My Lords, I am not sure how long the processes and so forth that we spoke about earlier would take, but there will be plenty of time for all that happen. In no way should we accept the amendment.

10 p.m.

Baroness O'Cathain

My Lords, I wish to make a couple of comments on the hot copy—as I think it was described—of the amendments that have been put down by the noble Earl, Lord Baldwin of Bewdley, and the noble Countess, Lady Mar.

I seek clarification from the Government. We had a good debate in our earlier discussions about whether the research that has been carried out to date was adequate. Several people made the point that the amount of research was not adequate, so I have some sympathy with this amendment.

In his contribution earlier, the noble Earl, Lord Baldwin of Bewdley, said that a lack of evidence was not an excuse. I accept that and think that research should be undertaken. Noble Lords know that, although I spoke to the amendment moved by the Minister earlier, my question is still whether we should push ahead or not. I hope that he agrees that getting up-to-date and accurate scientific research is in everybody's interests. I hope that, even if he cannot accept this amendment, the Minister will view it in a constructive way. There are outstanding questions relating to fluoridation and I would be grateful for some explanation.

Baroness Miller of Chilthorne Domer

My Lords. we on these Benches certainly have sympathy with this amendment, especially with the fact that it will be difficult to conduct a proper public consultation and debate on whether people want their water to be fluoridated without receiving the evidence. I hope that the Government will seriously consider the spirit of this amendment and be as positive as they can.

Lord Turnberg

My Lords, I agree entirely that the research would be very helpful and we should ensure that it goes ahead. However, I am not sure that we should delay any longer, because I suspect that such research would take rather a long time to complete. Furthermore, we will never have enough research to convince everybody. That is one of the problems. The question is whether we have enough research evidence to go ahead now, and I believe that we do.

Lord Warner

My Lords, we are certainly not anti-science, as I hoped I indicated in earlier stages of our debate. However, we believe that the amendment is unnecessary. As I thought I had made clear earlier, we have asked the Chief Medical Officer and the Chief Dental Officer to consider the implications for government policy on fluoridation of the MRC report mentioned in the scientific briefing paper. In fact, on their recommendation, we have already commissioned a research study on the absorption of fluoride and expect the CMO and the CDO to recommend further research. However, there is a lot in what my noble friend Lord Turnberg has just said.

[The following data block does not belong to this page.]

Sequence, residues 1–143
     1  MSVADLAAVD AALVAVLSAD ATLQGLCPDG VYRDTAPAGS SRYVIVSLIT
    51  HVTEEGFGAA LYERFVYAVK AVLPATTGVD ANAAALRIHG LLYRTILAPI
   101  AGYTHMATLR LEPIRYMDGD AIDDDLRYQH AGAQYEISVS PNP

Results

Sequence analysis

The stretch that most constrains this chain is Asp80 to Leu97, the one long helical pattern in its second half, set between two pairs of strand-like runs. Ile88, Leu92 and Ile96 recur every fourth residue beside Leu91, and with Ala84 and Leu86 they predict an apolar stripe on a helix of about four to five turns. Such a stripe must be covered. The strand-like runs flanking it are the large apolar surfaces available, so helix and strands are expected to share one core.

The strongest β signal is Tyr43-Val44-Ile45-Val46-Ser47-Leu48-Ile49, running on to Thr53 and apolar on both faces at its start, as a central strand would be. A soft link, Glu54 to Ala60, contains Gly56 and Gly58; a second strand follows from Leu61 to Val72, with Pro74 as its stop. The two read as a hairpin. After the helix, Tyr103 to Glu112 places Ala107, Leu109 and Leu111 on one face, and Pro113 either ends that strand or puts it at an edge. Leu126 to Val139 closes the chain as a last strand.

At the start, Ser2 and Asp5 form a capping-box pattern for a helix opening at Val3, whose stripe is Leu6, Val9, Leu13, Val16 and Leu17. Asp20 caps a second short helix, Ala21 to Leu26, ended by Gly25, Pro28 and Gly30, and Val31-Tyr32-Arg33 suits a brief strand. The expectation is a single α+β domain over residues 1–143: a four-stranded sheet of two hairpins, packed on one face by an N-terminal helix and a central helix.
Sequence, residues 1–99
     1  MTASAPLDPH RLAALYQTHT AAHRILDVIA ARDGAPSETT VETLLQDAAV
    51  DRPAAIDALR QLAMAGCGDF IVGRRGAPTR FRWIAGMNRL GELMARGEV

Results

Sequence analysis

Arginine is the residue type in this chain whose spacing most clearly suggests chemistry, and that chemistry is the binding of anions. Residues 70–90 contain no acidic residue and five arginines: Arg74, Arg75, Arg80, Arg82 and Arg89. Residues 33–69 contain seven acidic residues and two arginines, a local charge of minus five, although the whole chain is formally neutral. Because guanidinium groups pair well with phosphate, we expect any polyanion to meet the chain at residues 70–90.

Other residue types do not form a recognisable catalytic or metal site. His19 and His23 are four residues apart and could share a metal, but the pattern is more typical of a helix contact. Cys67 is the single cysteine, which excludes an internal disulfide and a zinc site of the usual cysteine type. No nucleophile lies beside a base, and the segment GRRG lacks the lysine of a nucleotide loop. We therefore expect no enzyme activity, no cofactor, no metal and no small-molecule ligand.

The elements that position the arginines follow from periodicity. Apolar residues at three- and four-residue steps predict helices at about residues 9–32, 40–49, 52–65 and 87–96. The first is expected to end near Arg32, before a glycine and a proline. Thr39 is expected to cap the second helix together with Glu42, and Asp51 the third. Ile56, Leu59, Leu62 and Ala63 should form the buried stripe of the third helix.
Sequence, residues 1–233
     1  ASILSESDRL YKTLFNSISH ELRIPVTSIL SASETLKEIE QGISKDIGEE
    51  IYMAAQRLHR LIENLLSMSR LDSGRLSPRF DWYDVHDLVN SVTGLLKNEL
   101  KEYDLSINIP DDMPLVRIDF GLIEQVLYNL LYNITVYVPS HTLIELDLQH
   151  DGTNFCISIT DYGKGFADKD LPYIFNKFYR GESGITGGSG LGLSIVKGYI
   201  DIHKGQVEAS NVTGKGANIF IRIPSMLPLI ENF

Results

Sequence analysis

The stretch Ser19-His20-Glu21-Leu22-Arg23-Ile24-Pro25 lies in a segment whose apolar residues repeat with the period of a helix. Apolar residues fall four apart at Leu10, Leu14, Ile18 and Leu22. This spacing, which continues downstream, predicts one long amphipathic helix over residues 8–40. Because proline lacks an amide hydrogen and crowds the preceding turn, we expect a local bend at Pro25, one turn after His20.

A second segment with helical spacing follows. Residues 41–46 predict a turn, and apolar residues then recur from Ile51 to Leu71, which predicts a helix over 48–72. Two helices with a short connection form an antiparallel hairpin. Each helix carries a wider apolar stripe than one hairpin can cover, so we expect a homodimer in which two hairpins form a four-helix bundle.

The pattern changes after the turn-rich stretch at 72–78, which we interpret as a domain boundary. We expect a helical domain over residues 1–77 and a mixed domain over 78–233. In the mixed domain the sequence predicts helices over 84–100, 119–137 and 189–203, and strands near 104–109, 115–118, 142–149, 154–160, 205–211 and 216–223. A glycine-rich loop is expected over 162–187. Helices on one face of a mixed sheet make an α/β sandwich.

I repeat the assurances that I have already given to the House. We will not enable strategic health authorities to engage in any consultation before we have the reports from the CMO and the CDO and the results of the research on absorption that I mentioned.

I remind noble Lords that we cannot lay any regulations on the consultation process before the Water Bill has completed its passage in November at the earliest—and at the rate at which we are proceeding today, who knows? As I said, we expect the CMO's report and the research report on absorption by then. I hope that noble Lords will accept the assurances that I have given. We do not believe that this amendment is necessary.

The Countess of Mar

My Lords, I thank the noble Lords who have taken part in this debate. Noble Lords will know that I have every reason to be sceptical about the results of scientific reports. I have had enough experience over the past 10 years with organophosphates not to believe everything that I am told. On organophosphates, I was proved right. I sincerely hope that that is not the case with fluoride.

In view of the assurances that the noble Lord gave me about the length of time—I hope that my noble friend will agree with me—I beg leave to withdraw the amendment.

Amendment, by leave, withdrawn.

10.5 p.m.

Lord Grocott

My Lords, I have it in command from Her Majesty the Queen and His Royal Highness the Prince of Wales to acquaint the House that they, having been informed of the purport of the Water Bill [HL], have consented to place their prerogative and interests, so far as they are affected by the Bill, at the disposal of Parliament for the purposes of the Bill.

Bill read a third time.

Baroness Miller of Chilthorne Domer moved Amendment No. 1:

Before Clause 1, insert the following new clause—

"Water conservation